EDITORIAL: Control Tyres – the argument
- 6th September 2007, 8:53am
The subject of introducing a control tyre has been long considered as one positive way of reducing the advantage that factory-supported cars have over the privateers in the Australian Rally Championship. Factory teams, with their big budgets, are able to purchase the best available tyres without regard to price. In contrast, privateer competitors are restricted to what the manufacturers are prepared to make available on the open market.
As an example, Michelin produce both WRC-spec compound tyres worth seconds a kilometre advantage which it sells to the leading WRC teams, and a lower-spec tyre which is available to everybody else. No matter how much money a ‘B’ grade team had, the WRC-spec tyres would not be available to them. This policy, of course, ensures that the manufacturers’ team always has the absolute best tyres at their disposal, Michelin (and others) knowing full well that the asking price for these is never a concern where world-championship results are concerned.
In Australia that tyre advantage is less clear cut and the choice of tyres is restricted by what the tyre manufacturers are prepared to sell. That’s why most teams are restricted in their tyre choice because WRC-spec tyres are not available to everyone. Nevertheless, factory teams still have a decided advantage when it comes to tyre choice, particularly if they have a tyre contract that enables them to choose the best tyres for their cars from a particular manufacturer. Again, cost is not a major factor in the selection of tyres, but compound and design is.
Given that the factory cars will always have the best tyres available, the privateer competitor, with little or no purchasing power, is forced to make do with a tyre of lesser performance than that which the factory teams enjoy. In this regard and if everything else is equal, the factory cars will always have an advantage.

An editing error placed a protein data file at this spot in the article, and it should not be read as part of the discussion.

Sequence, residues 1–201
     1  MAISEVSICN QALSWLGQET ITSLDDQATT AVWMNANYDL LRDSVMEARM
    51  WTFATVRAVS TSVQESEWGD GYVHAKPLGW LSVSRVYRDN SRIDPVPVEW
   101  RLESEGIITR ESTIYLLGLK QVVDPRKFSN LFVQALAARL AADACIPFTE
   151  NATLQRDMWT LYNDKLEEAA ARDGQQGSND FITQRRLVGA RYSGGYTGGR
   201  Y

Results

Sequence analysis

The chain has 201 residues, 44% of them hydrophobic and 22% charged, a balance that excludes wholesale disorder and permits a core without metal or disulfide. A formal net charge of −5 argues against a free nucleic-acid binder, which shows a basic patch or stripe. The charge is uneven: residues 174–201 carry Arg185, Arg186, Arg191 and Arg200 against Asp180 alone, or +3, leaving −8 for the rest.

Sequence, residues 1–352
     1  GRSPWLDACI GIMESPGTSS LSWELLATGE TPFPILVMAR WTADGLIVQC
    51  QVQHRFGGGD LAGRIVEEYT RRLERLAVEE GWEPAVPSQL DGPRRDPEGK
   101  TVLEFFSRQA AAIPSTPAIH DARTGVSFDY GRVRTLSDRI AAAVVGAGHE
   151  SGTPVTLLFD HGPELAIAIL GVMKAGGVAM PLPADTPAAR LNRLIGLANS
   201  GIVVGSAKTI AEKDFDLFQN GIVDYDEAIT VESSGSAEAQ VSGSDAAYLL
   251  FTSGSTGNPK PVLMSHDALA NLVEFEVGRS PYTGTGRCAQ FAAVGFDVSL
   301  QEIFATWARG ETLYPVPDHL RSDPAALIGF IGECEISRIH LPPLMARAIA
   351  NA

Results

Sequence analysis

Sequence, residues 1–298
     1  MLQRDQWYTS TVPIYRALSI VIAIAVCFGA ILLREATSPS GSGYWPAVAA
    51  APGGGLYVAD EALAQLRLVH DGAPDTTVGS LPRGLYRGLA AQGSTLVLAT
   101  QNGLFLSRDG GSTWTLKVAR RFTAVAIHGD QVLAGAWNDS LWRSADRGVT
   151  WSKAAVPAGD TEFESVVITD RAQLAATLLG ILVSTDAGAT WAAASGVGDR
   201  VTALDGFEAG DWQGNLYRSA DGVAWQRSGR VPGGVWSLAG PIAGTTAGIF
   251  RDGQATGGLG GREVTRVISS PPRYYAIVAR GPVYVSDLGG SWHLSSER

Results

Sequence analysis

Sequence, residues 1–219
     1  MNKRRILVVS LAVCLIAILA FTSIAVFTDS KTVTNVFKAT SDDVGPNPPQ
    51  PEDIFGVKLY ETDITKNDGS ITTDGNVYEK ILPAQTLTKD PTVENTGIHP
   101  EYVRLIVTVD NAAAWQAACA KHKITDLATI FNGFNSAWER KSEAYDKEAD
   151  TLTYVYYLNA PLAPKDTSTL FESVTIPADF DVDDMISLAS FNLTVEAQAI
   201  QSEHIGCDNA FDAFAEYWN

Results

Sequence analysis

So how does a privateer match the factory cars? Not easily, it would seem. There are three possible solutions – restrict the types of tyres that factory teams can buy and use, allow privateers access to the tyres that the factory teams are using, or introduce a control tyre which everyone must use and which creates a level playing field for everyone.
With factory teams continually trying to maximize their advantage over their opposition, they will always opt for the best, whatever it costs. Privateers with limited funds are always going to be at a disadvantage, often making half-worn tyres last just a few stages longer because their budget doesn’t allow for the purchase of more tyres.
So what would a control tyre do? Firstly it would narrow the advantage that the factory cars enjoy and make competition more equal. Secondly it would allow outstanding drivers to really test themselves against the leading factory crews to produce a meaningful comparison.
But more importantly, and here’s the disturbing part, it would remove all the other tyre manufacturers – Pirelli, Silverstone, Dunlop, Bridgestone, Yokohama and others, from the support of rallying. There would be no need for them to advertise their products, to inject money into rallying or even have a presence at events. All it would do would be to grant exclusive rights and supply to all ARC-registered competitors and alienate other tyre companies from the sport.
This is nothing new – it has been done for years in motor racing to create that level playing field, but it sometimes has more arguments against its introduction than for it.
Freedom of choice is a part of life that Australians enjoy, and we regard freedom of purchase as another of our rights. Adopting a control tyre for our top level of rallying would be a backward step, even taking into account the performance advantage of the factory cars that already exists. Tyre choice alone will not make up the performance advantage that the top cars have over everyone else.
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